I’m pleased to say the scene that made the game famous hit even harder in this adaptation. Tears welled up as I saw the pain on Joel and Tommy’s faces as Sarah lay in his arms bleeding out. Even knowing it was coming, it somehow felt more tragic and gut wrenching here than it was in 2013 thanks to stellar performances from all three actors and the allowance for the show to take its time in establishing Sarah as a fully realized character.

The remainder of the episode focuses on the events of Part I, which take place in the Quarantine Zone of Boston. Joel is 20 years older, haunted by the visual of his daughter's death and the audio cues of her final breaths every time he lets his guard down. He’s living with his partner Tess, played brilliantly by Anna Torv, as they smuggle drugs in and out of the QZ between dirty community jobs for a (relatively) better life.

What HBO’s The Last of Us is able to do so well where the game was held back is further flesh out the characters, motivations, and world, divorced from the perspective of the player character. In being able to check in with multiple characters without Joel’s presence, the audience is not influenced by his read on the situation and in turn is be able to observe differing beliefs in a more unbiased way. This is on display most effectively in the introduction of Bella Ramsey’s Ellie and Merle Dandrige, who is reprising her role from the game as Marlene.

Ellie and Marlene sit together in a Firefly safehouse

We see these characters meet for the first time as Marlene reveals to Ellie that she’s known her since her birth, and due to her immunity to infection is a new beacon of hope for humanity. The performance from Ramsey here is vulnerable and shows cracks through the hardened punk-rock orphan attitude Ellie held up to this point in the episode. Showing Ellie’s first connection with an adult after a lifetime of believing she was alone provides viewers a look into Ellie’s psyche that will make for a better arc across a season of television compared to players meeting the duo as long-standing acquaintances.

By episode’s end, Joel, Tess, and Ellie are off to the Capitol Building in Boston to rendezvous with a group of fireflies that will bring Ellie west for the hope of studying her immunity. During the trio's first steps outside the walls Joel is confronted by an armed guard pointing a gun at him, Tess, and Ellie and through the affordances of the medium of television plus some clever camera work that wouldn’t be possible in gameplay, the show provides a powerful and satisfying visual arc to Joel in episode 1.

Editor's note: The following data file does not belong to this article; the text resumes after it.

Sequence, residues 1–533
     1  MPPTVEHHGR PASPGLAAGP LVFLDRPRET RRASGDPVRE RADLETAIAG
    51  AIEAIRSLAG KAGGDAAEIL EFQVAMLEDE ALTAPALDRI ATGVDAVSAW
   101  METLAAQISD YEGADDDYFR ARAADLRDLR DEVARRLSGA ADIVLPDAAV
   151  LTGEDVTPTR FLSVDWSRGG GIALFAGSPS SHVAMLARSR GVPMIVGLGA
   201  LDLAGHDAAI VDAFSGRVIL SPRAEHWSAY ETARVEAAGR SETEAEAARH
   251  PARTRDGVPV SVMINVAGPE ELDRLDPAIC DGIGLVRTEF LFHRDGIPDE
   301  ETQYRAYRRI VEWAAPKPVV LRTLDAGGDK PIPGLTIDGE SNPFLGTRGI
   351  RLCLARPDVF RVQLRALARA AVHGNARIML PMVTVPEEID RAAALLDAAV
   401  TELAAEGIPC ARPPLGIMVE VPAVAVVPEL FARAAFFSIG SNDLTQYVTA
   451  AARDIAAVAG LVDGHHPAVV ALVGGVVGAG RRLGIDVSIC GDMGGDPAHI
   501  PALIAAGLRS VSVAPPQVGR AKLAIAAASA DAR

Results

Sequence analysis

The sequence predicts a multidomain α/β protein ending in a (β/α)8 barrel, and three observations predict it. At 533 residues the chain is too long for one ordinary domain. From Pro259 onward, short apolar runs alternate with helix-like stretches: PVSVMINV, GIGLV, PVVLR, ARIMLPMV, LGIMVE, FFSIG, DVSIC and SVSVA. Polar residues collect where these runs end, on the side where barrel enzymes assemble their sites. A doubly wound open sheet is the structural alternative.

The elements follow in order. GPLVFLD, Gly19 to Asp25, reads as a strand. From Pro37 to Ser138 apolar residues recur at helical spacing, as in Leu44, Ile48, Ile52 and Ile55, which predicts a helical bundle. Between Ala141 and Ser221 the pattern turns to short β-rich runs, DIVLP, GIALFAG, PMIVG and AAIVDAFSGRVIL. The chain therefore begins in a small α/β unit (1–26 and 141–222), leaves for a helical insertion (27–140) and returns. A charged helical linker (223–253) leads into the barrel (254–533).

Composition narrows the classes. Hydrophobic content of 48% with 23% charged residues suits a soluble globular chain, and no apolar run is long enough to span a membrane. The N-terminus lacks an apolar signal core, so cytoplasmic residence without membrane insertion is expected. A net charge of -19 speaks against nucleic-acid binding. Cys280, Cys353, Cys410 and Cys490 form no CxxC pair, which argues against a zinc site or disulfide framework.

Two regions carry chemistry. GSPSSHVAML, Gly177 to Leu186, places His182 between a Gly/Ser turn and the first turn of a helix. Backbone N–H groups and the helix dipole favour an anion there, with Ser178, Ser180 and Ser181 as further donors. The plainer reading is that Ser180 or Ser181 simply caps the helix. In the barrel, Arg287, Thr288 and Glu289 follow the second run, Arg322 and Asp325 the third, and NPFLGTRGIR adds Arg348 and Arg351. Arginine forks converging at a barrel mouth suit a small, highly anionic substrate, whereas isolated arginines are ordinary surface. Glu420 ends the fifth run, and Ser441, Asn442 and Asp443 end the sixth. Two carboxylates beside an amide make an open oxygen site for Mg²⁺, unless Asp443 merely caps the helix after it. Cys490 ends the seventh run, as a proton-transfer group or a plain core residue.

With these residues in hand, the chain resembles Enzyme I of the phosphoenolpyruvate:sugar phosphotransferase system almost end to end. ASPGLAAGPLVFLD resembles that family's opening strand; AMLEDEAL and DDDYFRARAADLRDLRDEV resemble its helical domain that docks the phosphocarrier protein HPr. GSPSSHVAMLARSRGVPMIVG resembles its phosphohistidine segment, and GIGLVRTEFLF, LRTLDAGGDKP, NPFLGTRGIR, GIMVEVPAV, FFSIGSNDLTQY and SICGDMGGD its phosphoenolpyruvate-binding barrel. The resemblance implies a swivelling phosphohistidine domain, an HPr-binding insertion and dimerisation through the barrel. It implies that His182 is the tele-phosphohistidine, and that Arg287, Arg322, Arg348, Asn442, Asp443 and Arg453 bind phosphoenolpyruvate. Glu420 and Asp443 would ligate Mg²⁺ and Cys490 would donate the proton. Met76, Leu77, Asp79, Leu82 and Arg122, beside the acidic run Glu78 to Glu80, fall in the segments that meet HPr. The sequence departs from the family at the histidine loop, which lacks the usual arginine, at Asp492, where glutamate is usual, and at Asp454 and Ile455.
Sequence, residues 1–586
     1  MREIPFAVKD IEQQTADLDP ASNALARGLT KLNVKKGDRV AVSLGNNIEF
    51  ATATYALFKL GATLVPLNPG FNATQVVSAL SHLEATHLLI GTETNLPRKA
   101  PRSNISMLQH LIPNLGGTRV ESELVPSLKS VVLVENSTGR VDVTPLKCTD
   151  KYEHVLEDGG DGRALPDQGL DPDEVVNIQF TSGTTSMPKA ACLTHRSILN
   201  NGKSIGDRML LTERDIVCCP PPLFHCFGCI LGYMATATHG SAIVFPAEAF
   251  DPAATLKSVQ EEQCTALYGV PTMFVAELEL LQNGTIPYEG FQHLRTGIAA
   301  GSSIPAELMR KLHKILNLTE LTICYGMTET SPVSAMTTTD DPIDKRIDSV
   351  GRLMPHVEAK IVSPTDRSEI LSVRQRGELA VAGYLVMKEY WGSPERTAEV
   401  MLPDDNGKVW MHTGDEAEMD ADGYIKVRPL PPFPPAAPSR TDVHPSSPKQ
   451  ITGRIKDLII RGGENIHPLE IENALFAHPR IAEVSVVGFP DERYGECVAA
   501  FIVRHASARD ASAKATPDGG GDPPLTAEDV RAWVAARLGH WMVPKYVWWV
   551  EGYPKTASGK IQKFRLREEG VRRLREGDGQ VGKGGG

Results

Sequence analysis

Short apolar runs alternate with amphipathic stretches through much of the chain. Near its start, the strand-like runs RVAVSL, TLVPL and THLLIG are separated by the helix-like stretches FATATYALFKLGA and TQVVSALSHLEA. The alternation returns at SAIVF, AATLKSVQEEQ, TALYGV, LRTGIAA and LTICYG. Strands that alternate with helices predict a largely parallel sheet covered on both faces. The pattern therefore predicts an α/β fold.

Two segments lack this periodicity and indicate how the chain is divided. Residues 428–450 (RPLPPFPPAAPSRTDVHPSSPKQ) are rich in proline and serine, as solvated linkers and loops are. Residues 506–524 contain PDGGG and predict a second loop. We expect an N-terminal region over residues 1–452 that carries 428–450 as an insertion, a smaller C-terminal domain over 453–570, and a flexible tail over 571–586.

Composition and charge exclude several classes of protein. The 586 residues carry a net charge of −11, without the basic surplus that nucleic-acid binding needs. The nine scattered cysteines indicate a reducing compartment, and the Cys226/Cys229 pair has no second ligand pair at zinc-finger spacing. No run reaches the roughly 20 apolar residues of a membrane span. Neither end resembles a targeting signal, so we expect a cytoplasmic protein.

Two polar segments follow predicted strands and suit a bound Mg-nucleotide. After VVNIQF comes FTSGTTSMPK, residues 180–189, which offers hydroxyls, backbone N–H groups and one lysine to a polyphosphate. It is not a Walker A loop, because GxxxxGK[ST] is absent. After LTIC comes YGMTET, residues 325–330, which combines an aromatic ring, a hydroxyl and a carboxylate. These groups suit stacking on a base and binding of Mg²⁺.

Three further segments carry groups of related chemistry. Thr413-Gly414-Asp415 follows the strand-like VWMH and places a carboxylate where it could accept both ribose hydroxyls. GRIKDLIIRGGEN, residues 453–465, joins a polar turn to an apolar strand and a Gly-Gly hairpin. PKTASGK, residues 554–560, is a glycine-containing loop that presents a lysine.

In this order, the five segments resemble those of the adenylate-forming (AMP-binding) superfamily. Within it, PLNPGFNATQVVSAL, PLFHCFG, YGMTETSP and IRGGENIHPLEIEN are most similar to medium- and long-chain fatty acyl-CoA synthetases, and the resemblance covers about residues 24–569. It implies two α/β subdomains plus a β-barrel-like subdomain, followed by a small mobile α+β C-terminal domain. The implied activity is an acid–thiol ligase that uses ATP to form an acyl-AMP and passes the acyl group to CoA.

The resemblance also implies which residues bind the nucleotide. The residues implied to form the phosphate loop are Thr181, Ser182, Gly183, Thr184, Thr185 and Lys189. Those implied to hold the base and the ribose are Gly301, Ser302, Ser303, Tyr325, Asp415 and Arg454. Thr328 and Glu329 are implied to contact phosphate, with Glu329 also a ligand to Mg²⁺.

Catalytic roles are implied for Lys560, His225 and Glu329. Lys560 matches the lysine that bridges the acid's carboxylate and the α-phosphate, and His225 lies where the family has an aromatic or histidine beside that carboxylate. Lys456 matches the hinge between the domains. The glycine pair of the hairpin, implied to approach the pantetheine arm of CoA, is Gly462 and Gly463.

Ellie watching as Joel beats a man to death

The Last of Us on HBO is off to a ridiculously promising start. Being based on a title which so clearly wears its reverence for film and television on its sleeve, Neil Druckmann and Craig Mazin are able to so authentically begin telling the story of Joel and Ellie to a wider audience with this adaptation. The changes that are made work both in service of improving the storytelling for television, and laying the groundwork for not only this season, but potential future seasons. Now that the original story is being revisited with knowledge of where future acts explore these characters, I can already pick up on small nuances Druckmann is adding here to have greater emotional payoffs should Part II ever be adapted.

If The Last of Us episode 1 set the tone with unease and dread in its initial scene, the final moments set the tone for what the series will be: a world dripping in blood and violence that at its core holds a story of connection, family, and what people are willing to endure to survive for what they love.

Review Summary

The Last of Us on HBO is off to a promising start, surprising longtime fans with authentic additions and retelling a classic story in a medium it was always meant for. (Review Policy)


  • Excellent performances
  • Uses aspects of television to elevate the presentation of the game's narrative
  • New content feels authentic to the series


  • Spaghetti mouth infected are goofy, bring on the Clickers
  • Fans may experience some reverse uncanny valley with just how similar some of the scenes are

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Christian Buckley, sitting in sunlight with dragonball hat on
| Staff Writer

Christian Buckley is a Staff Writer and former Social Lead at TechRaptor. With a Bachelor of Arts in Communications from the University of Massachusetts… More about Christian